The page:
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Wow! Look at coleus now

Considered the plant equivalent of comfort food, this colorful annual has gotten a makeover.

By Cathy Wilkinson BarashSpecial to The Christian Science Monitor / April 23, 2003


I have loved coleus since I was a child - back when my grandmother had several coleus plants with leaves that were cream, pale pink, and light green.

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Most of the time she kept them indoors, but she did take some cuttings and planted them outdoors in a shady area near the azaleas I gave her every year at Mother's Day. Since neither the coleus or the azalea was hardy, they always died at first frost.

Occasionally my grandmother would find a coleus leaf that was a little different from the others. She would be sure to make a cutting of that stem and root it.

She showed me how easy it was: Cut a stem about four to six inches long. Remove the lower leaves, so that only two or three sets of leaves remain. Put the stem in a glass of room-temperature water. Be sure the leaves are well above the water level.

She always put the glasses of coleus cuttings (sometimes several per glass) on the north-facing window sill next to her African violets, which seemed to bloom year-round.

By my next visit (usually every couple of weeks), the cuttings had "magically" sent out roots. Then it was time to plant them in soil. She told me her secret to such lush-looking pots of coleus - she put three or more cuttings in the pot, depending on the size of the container.

Grandma also taught me that other plants root faster in water that coleus have rooted in.

It was a while before she let me take cuttings of her plants and root them myself. First I did it only at her house, and the plants had to stay there.

At last, I sneaked some cuttings home with me and started growing and propagating them myself. This was the beginning of my lifelong love of coleus.

A coleus celebration

Fast-forward about 40 years. I received an invitation to the "coleus celebration" that David Weirdsma of Greenwich, Conn., was holding at French Farm, his family homestead. On the five-acre farm, he had more than 125 named varieties growing.

They were unlike anything I'd seen. At the arboretum where I worked, they grew coleus - even trained them as topiary standards - but they were very similar to my grandmother's.

As I drove into French Farm, my eyes were opened to the enormous range of color, form, texture, and size of coleus. I fell in love with one named Furnace, which had deep red, slightly scalloped leaves.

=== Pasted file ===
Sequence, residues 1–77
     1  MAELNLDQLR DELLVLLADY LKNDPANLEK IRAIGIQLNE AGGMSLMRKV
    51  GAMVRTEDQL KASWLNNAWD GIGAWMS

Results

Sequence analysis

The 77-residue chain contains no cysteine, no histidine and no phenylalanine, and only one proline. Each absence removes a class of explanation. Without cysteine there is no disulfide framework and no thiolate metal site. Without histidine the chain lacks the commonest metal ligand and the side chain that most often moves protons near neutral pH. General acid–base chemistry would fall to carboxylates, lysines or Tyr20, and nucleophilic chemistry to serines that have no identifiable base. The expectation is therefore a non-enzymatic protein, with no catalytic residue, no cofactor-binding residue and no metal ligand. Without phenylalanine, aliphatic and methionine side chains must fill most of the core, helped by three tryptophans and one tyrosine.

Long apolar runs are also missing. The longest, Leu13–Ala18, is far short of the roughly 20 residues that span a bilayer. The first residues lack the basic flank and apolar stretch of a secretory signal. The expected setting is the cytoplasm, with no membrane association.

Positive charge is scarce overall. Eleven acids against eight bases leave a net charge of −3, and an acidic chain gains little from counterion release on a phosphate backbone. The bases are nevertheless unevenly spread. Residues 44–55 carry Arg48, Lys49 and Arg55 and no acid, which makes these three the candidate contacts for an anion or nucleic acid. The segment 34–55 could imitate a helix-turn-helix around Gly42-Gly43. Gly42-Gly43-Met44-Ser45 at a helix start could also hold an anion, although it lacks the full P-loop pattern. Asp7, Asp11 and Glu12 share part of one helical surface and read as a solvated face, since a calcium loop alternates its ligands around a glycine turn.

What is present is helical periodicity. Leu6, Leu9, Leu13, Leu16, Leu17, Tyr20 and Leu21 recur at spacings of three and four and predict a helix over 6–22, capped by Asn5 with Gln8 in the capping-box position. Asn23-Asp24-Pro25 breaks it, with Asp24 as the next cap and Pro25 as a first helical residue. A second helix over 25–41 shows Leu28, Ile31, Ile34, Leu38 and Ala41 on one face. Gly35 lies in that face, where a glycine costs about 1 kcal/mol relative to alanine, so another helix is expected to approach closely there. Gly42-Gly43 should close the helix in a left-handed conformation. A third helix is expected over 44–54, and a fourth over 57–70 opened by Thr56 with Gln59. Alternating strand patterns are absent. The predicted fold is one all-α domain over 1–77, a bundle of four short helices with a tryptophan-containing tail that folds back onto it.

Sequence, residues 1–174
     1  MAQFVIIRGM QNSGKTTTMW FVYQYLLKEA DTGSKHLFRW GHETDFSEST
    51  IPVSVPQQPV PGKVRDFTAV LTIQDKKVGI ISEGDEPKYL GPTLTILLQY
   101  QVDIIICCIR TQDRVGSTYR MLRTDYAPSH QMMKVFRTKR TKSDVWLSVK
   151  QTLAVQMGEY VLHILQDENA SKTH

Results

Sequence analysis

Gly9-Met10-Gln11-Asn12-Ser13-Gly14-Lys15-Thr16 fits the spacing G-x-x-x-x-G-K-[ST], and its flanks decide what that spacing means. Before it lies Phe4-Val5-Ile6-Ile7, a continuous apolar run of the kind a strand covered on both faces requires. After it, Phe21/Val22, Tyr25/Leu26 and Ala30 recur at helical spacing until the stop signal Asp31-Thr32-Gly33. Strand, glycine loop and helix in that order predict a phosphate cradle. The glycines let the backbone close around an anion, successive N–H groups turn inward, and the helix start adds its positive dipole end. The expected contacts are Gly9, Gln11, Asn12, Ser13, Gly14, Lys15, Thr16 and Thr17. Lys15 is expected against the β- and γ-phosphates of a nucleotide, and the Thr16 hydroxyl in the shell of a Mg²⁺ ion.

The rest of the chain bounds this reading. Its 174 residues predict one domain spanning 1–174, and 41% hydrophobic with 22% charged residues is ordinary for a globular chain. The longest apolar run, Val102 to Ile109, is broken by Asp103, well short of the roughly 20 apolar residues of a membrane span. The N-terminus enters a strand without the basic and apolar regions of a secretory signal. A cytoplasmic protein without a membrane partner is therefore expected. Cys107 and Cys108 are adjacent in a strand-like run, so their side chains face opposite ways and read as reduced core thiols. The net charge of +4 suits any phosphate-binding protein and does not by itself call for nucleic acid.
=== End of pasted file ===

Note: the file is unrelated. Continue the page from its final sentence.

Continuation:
I liked Wine and Lime, whose chartreuse leaves appeared splotched with merlot. One named Ducksfoot had the coloration of my grandmother's plants but with three-quarter-inch leaves shaped like the imprint of a duck's foot.

Then there was Black Marble, with oh-so-deep-burgundy leaves highlighted by a wavy green edge and a dash of green here and there. I was also impressed by Gay's Delight, which featured simple chartreuse leaves with the veins highlighted in deep purple. Wow!

On and on, each plant I saw was more intriguing than the next.

This indeed was a celebration, not only of the diversity of coleus, but also of the myriad uses of the plants throughout the landscape.

Mr. Weirdsma had selected different varieties of coleus to highlight special perennials or shrubs. The chartreuse leaves and purplish markings of Pineapple Queen coleus were paired with Gold Sword yucca - a perfect echo of colors. Spectrum coleus - with green, red, and bronze leaves that have serrated edges - grew side by side with Carol Mackie daphne, which has pink blooms, white flowers, and green leaves edged in cream.

Coleus were everywhere - from a path through his woods to a shrub bed highlighted with a pinwheel design of coleus, to unusual planters.

What shocked me most of all was that so many of them were thriving in full sun. Wasn't coleus a shade plant?

Coming out of the shade

The Sun Series changed the face of coleus forever. No longer a meek, pale-leafed plant in hues of green, cream, and pink relegated to the shade, today's coleus are bold plants in a myriad of bright colors, leaf sizes, and shapes.

The increasing popularity of sun-loving coleus has fitted nicely with the current trend of growing tropical plants - everything from cannas with gold-striped leaves to mandevilla and bougainvillea vines to banana trees - in temperate climates.